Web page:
Richard S. Grossman
Department of Economics
Middletown, CT 06459
Information about this author at RePEc
NBER Working Papers and Publications
|January 2015||Fighting the Last War: Economists on the Lender of Last Resort|
with Hugh Rockoff: w20832
In this paper we trace the evolution of the lender of last resort doctrine—and its implementation—from the nineteenth century through the panic of 2008. We find that typically the most influential economists “fight the last war”: formulating policy guidelines that would have dealt effectively with the last crisis or in some cases the last two or three. This applies even to the still supreme voice among lender-of-last-resort theorists, Walter Bagehot, who wrestled with the how to deal with the financial crises that hit Britain between the end of the Napoleonic Wars and the panic of 1866. Fighting the last war may leave economists unprepared for meeting effectively the challenge of the next war.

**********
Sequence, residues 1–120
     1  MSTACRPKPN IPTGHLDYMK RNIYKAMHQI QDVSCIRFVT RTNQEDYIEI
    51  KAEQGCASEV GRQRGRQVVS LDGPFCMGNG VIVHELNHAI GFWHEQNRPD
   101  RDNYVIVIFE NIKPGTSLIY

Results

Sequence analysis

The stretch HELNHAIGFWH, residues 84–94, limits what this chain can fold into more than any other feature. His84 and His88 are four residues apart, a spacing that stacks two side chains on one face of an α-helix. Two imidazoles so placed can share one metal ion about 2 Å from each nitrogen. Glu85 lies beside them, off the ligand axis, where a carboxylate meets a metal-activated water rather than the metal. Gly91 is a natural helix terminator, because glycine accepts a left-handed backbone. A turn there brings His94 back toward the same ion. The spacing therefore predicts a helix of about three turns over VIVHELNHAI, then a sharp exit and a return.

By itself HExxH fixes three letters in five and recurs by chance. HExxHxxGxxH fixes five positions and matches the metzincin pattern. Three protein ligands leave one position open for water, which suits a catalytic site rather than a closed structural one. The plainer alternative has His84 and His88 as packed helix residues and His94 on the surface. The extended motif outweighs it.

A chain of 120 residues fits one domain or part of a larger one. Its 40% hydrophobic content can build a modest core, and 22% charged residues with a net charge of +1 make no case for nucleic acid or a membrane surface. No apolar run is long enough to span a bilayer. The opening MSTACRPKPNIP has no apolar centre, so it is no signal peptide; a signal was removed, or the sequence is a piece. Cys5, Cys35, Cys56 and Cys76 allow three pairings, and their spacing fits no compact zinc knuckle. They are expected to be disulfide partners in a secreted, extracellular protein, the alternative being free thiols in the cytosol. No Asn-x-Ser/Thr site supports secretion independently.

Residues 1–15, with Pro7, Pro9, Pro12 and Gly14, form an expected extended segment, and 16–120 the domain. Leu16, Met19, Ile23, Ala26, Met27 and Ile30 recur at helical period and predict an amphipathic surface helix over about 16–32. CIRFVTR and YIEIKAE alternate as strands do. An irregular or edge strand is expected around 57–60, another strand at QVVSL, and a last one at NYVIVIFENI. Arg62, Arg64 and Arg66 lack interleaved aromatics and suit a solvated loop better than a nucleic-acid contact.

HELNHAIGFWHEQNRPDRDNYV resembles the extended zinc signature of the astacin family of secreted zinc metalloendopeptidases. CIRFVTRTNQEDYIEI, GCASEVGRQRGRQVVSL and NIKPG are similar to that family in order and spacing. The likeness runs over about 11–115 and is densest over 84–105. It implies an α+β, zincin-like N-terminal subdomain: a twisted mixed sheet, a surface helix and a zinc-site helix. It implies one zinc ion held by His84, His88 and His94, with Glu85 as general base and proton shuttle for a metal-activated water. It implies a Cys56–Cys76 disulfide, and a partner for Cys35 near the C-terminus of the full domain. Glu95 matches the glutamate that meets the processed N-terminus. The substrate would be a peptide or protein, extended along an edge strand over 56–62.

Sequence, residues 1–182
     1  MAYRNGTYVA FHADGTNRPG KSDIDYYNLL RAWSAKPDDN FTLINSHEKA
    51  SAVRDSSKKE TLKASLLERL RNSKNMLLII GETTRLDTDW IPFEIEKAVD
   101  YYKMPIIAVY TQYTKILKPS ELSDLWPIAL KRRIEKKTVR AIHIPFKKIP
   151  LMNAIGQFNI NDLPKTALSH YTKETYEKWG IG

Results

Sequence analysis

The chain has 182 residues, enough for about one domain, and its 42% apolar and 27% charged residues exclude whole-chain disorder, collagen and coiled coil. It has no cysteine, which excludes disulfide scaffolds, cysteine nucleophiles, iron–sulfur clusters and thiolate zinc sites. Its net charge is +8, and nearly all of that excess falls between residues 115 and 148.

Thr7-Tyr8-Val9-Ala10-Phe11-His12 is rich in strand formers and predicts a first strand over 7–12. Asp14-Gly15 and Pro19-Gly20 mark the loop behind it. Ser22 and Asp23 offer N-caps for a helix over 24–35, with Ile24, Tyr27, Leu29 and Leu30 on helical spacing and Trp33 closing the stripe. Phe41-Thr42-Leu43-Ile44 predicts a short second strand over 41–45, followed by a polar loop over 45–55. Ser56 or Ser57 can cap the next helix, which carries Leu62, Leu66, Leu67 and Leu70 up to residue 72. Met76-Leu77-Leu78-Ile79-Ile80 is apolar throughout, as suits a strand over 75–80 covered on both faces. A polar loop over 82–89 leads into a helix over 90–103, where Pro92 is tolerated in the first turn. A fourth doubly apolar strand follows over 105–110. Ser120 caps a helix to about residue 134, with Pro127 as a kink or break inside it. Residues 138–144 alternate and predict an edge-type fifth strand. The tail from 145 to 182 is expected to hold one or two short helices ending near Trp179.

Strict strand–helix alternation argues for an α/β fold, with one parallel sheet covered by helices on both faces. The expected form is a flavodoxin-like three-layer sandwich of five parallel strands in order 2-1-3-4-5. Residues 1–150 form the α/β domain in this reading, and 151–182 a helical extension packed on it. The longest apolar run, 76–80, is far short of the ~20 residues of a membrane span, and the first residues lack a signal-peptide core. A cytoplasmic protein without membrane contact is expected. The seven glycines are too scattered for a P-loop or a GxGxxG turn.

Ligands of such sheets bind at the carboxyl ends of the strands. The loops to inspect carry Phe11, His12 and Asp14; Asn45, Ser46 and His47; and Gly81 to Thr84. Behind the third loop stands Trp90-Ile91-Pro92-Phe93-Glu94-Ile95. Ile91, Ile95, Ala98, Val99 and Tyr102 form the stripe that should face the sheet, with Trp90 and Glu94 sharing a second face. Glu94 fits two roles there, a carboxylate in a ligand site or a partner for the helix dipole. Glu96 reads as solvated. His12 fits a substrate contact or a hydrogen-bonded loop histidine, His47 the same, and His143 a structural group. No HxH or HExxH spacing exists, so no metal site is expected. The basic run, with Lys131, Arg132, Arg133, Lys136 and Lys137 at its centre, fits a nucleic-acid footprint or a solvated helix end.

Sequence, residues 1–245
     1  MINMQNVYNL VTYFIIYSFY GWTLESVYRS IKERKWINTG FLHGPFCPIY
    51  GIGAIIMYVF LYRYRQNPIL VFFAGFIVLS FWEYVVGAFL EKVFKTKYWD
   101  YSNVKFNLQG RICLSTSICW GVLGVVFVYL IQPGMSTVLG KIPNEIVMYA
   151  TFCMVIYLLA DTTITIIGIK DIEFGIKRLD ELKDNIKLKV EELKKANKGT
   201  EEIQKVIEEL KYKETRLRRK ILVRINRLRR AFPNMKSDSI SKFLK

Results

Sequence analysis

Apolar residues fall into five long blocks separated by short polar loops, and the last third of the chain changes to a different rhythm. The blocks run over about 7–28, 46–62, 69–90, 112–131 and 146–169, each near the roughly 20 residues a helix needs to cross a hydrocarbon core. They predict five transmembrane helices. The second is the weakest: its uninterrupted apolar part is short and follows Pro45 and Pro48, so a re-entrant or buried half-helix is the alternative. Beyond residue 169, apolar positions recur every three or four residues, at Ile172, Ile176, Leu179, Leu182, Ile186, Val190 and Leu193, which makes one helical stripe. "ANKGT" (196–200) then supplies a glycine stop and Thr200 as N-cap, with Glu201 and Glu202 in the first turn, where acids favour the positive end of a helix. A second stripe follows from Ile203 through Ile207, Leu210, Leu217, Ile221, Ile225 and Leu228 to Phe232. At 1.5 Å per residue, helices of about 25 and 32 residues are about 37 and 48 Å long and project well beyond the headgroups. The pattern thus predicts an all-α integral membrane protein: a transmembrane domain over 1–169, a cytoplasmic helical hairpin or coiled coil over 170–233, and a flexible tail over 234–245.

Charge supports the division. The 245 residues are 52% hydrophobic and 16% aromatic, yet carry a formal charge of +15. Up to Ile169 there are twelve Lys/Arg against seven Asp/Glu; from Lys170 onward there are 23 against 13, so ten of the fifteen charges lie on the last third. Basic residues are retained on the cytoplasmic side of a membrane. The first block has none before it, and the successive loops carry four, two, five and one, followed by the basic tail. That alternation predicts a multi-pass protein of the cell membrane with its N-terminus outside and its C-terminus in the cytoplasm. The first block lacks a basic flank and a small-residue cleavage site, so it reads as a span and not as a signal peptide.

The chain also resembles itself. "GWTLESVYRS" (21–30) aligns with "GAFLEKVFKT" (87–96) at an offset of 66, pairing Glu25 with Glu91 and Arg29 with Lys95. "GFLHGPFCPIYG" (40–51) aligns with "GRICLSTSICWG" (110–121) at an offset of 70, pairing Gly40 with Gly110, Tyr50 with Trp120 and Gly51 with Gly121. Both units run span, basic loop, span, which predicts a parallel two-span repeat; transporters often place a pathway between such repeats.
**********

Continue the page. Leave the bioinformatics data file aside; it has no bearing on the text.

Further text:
|August 2010||International Aspects of the Great Depression and the Crisis of 2007: Similarities, Differences, and Lessons|
with Christopher M. Meissner: w16269
We focus on two international aspects of the Great Depression--financial crises and international trade-- and try to discern lessons for the current economic crisis. Both downturns featured global banking crises which were generated by boom-slump macroeconomic cycles. During both crises, world trade collapsed faster than world incomes and the trade decline was highly synchronized across countries. In the Depression, income losses and rises in trade barriers explain trade's collapse. Due to vertical specialization and more intense trade in durables, today's trade collapse is due to uncertainty and small shocks to trade costs hitting international supply chains. So far, the global economy has avoided the global trade wars and banking collapses of the Depression perhaps due to improved pol...
Published: Richard S. Grossman & Christopher M. Meissner, 2010.
"International aspects of the Great Depression and the crisis of 2007: similarities, differences, and lessons,"
Oxford Review of Economic Policy,
Oxford University Press, vol. 26(3), pages 318-338, Autumn.
citation courtesy of